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Fahrenheit 451

Fahrenheit 451


by Ray Bradbury

Fahrenheit 451 Theme of Dissatisfaction

In the world of Fahrenheit 451, everybody seems to be happy. Sort of. They watch TV all day, they’re never forced to face anything unpleasant, and they’re never truly bothered by anything. Sound like paradise? We hate to break it to you, but it's not. 

Most everyone in the story is horribly dissatisfied—it’s just that no one is willing to admit it. Why else would Mildred try to overdose on all those pills? The deep ennui that runs through the population is subdued by mindless activity and an insistence on happiness, both on the part of the government and the citizens themselves.

Questions About Dissatisfaction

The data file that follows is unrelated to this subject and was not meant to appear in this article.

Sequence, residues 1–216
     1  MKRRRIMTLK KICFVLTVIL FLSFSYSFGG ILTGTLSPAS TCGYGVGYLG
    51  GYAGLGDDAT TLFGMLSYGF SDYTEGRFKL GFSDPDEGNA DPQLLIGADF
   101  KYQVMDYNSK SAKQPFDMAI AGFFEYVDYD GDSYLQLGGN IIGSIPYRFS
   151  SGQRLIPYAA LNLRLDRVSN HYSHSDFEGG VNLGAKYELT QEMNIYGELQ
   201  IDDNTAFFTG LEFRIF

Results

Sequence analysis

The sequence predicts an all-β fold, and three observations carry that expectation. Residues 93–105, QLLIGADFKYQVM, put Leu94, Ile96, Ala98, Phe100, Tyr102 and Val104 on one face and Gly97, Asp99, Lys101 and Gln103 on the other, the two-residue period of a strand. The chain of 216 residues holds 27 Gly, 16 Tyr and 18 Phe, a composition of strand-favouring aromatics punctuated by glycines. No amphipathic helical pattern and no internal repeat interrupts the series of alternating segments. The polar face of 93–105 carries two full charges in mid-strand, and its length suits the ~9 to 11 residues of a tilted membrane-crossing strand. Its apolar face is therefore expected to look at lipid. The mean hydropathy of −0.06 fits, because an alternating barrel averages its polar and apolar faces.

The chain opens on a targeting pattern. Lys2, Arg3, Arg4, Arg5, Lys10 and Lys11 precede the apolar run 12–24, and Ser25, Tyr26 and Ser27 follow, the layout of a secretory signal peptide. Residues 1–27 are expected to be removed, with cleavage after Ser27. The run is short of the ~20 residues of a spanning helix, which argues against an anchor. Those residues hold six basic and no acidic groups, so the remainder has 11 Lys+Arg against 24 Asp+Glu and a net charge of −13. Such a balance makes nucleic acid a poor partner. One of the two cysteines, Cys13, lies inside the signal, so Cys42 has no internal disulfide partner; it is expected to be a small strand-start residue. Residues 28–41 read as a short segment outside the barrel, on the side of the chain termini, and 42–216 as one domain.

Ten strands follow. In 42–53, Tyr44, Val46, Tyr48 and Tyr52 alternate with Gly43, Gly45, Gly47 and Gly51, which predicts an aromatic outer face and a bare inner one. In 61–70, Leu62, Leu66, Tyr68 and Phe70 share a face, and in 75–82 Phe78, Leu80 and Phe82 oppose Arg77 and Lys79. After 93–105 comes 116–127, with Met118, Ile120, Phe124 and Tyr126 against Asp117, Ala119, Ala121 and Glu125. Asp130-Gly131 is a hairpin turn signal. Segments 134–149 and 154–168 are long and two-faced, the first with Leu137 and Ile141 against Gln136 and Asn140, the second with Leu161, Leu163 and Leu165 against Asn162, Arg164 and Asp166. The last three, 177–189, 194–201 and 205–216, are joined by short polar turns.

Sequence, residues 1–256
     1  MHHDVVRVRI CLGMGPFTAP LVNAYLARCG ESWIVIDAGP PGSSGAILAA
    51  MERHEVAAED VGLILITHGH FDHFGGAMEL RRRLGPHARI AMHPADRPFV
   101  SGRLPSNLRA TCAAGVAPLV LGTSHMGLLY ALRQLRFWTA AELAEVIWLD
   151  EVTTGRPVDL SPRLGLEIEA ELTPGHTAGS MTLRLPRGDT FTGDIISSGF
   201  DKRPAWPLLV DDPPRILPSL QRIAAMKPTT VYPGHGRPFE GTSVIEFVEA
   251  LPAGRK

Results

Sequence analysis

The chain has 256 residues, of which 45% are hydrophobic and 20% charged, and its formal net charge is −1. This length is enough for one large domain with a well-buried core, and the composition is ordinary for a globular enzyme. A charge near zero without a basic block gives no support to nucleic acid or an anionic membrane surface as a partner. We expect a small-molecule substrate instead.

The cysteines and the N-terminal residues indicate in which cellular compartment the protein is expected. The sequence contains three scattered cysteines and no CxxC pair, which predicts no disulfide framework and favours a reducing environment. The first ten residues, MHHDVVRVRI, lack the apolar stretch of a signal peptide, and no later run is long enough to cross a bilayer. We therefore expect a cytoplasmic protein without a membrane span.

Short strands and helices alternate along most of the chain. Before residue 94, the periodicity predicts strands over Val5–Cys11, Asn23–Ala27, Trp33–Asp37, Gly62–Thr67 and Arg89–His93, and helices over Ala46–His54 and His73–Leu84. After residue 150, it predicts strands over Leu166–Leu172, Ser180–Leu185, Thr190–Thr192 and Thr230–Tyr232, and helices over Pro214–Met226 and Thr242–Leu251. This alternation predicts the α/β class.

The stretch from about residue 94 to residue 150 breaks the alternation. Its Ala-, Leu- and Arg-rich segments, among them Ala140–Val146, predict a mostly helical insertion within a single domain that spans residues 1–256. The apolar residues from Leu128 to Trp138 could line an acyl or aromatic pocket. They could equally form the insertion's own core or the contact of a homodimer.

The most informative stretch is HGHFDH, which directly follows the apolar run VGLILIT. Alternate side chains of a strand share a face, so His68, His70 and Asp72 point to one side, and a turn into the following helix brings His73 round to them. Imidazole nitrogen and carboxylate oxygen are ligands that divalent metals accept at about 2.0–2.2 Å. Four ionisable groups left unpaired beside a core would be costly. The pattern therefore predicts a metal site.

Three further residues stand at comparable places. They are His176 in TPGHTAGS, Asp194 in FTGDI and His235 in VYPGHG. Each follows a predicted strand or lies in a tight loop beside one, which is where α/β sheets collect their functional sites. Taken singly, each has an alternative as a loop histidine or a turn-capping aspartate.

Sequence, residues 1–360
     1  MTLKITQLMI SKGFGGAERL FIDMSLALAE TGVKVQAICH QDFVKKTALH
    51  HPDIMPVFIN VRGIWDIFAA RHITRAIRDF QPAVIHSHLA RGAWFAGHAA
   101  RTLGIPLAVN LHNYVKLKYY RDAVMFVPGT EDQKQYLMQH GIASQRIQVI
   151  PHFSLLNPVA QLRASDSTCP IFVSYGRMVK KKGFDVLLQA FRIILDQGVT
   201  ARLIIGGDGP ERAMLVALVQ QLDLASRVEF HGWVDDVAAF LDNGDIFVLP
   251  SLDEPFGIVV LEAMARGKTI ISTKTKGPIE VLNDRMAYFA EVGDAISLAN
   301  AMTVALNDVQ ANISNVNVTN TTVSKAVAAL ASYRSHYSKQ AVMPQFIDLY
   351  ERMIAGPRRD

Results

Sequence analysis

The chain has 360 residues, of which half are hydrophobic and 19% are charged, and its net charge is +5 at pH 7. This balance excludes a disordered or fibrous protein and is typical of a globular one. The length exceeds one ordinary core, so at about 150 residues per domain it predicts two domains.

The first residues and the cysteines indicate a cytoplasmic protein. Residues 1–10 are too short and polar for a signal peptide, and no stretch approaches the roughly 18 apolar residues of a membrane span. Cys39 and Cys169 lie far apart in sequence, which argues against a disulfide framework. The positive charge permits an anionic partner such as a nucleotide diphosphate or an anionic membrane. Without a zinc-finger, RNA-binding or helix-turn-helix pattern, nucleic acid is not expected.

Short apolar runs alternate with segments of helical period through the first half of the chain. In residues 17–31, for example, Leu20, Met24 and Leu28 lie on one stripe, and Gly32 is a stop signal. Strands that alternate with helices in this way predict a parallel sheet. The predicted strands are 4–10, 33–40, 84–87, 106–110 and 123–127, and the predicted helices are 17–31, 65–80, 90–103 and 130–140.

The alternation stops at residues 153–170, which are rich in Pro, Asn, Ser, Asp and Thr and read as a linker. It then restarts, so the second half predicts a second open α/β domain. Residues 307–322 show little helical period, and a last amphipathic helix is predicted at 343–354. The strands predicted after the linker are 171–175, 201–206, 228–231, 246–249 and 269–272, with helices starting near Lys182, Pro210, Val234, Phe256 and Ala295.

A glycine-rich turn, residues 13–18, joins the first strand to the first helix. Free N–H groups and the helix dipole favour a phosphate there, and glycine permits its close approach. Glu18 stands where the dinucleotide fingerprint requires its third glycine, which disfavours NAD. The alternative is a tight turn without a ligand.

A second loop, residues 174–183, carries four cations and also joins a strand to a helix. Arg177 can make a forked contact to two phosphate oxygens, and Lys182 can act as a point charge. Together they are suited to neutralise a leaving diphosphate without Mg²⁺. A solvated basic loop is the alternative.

1. Are characters like Mildred are her girlfriends content? Are they happy? What’s the difference?
  2. Montag yells at Mildred for having never been really bothered by anything. Is that a bad thing? Why or why not?
  3. After Montag talks with Clarisse, he claims that his mask of happiness has been lifted. Does this mean he was never really happy in the first place, or that Clarisse took his happiness away?

Chew on This

Try on an opinion or two, start a debate, or play the devil’s advocate.

Beatty is the only character who is both aware and satisfied in Fahrenheit 451.

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